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Fed says there is no “urgency” to raise rates, but cuts are still far away

Fed says there is no “urgency” to raise rates, but cuts are still far away

There is no urgency for the Federal Reserve re-upload your interest rate official now that the economy is slowing and inflation is falling, but it will probably pass “a long time” before it is appropriate to cut it, the president of the entity in Atlanta, Raphael Bostic, said Tuesday.

“I am in no hurry to raise rates, nor to reduce them,” Bostic said at an event at the Atlanta Chamber of Commerce in which he tried to combine caution about new increases with the commitment that the Federal Open Market Committee has adopted with the strategy of “higher for longer” for this phase of its fight against inflation.

“I don’t think it’s urgent for us to do anything else (…) I want us to wait. I think that’s appropriate for a long time.”Bostic said.

Fed policymakers almost unanimously believe that at most a quarter-point rate increase will be necessary before the central bank completes a cycle of hikes that began in March 2022 to combat a acceleration of inflation in which consumer prices rose at an annual rate of up to 9%.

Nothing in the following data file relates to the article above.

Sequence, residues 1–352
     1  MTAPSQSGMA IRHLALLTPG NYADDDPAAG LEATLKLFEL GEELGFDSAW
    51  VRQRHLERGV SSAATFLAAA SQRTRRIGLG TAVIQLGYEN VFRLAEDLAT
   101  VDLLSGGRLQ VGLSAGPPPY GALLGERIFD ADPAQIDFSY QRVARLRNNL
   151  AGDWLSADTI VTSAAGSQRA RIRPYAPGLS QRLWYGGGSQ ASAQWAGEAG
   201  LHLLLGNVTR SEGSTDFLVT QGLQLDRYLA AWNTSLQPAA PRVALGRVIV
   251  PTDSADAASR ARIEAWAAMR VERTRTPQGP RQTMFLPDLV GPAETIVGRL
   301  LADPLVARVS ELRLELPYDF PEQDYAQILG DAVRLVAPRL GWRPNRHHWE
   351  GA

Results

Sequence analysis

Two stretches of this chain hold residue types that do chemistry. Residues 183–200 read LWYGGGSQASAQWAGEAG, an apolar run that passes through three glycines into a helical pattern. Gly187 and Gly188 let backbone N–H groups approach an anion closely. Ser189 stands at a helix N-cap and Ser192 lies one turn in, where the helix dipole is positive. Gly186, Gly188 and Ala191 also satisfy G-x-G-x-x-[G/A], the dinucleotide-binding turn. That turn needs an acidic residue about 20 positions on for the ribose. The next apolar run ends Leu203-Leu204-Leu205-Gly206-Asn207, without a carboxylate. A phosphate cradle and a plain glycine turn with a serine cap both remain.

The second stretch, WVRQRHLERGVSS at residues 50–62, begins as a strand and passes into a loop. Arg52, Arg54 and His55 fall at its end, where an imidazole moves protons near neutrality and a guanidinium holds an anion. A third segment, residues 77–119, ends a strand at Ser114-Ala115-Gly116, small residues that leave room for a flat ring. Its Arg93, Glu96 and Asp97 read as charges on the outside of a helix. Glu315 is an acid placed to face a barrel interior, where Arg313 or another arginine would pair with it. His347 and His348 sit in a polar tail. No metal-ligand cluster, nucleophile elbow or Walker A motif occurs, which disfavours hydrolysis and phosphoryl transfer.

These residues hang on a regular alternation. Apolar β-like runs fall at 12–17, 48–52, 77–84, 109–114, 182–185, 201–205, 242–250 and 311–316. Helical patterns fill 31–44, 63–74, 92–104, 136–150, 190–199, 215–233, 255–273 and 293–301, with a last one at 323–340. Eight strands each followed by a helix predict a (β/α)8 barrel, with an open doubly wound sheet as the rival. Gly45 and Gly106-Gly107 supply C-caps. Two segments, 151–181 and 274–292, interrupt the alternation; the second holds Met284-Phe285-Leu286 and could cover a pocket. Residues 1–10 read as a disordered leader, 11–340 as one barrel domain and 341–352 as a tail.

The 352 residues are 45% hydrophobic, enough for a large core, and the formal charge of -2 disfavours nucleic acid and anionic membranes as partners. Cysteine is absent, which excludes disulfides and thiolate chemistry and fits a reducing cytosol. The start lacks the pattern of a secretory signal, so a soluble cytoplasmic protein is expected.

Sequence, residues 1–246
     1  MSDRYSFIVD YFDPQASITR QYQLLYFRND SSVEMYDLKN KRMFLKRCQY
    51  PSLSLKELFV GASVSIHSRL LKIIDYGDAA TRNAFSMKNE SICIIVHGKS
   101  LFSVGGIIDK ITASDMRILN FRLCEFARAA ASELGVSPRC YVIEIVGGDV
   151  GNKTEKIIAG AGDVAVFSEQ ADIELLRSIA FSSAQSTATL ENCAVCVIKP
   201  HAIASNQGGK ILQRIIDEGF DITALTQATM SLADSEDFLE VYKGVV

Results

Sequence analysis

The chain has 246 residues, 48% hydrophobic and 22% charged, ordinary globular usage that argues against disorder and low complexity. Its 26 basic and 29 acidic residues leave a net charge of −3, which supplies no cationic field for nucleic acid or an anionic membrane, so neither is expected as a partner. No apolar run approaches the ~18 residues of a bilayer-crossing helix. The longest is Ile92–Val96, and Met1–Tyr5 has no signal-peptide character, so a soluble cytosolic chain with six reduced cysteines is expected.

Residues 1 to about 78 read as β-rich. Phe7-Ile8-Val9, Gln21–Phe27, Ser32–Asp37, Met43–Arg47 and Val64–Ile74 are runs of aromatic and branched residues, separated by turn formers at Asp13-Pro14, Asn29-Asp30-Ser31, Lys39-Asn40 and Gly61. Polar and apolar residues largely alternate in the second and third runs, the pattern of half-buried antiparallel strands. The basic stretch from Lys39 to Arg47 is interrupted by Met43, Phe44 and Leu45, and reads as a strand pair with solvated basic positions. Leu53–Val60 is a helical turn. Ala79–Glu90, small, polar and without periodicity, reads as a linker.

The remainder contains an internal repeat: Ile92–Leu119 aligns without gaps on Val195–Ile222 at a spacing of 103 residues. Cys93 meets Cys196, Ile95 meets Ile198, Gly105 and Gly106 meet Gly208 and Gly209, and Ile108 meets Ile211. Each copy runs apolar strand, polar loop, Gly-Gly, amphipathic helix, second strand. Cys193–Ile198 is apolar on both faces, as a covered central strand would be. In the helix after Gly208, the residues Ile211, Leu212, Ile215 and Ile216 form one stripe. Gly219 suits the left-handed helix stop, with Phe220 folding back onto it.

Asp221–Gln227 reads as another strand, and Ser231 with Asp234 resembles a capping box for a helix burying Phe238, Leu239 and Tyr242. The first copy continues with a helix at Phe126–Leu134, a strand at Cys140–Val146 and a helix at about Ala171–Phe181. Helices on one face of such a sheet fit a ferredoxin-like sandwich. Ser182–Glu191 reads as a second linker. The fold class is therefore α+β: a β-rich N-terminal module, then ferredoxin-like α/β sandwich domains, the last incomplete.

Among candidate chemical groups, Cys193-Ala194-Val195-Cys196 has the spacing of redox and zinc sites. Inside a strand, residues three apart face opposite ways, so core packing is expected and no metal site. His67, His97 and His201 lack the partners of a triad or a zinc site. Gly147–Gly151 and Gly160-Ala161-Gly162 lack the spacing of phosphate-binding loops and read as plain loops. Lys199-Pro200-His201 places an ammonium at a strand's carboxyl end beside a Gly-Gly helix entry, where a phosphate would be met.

Bostic is among seven of 19 officials who in September indicated that the Fed could leave the rate at the current range of between 5.25% and 5.5% and still see inflation fall, without putting more pressure on the economy than necessary.

The current rate policy “The economy is starting to slow down. How fast is it going to slow down?”Bostic asked, asking for an approach “patient” for any new policy changes, giving the economy more time to adapt to what the Fed has already done.

“The slowdown is happening. Let it happen. Let’s let the world move and be patient. (Inflation) does not have to be 2% tomorrow”Bostic said.

The Fed will meet from October 31 to November 1. Many investors hope that recent data showing a decline in the underlying pace of inflation will lead the central bank to keep the official benchmark rate stable.

Twelve of 19 officials, however, predicted in September that another rate hike would be necessary, and this week they laid out the reasons why it might be necessary.

Friday’s jobs report will be the next key data point in that debate, and officials will be watching to see whether hiring continues to slow and whether other labor market indicators move more in line with trends seen before the pandemic.

Source: Reuters

Source: Gestion

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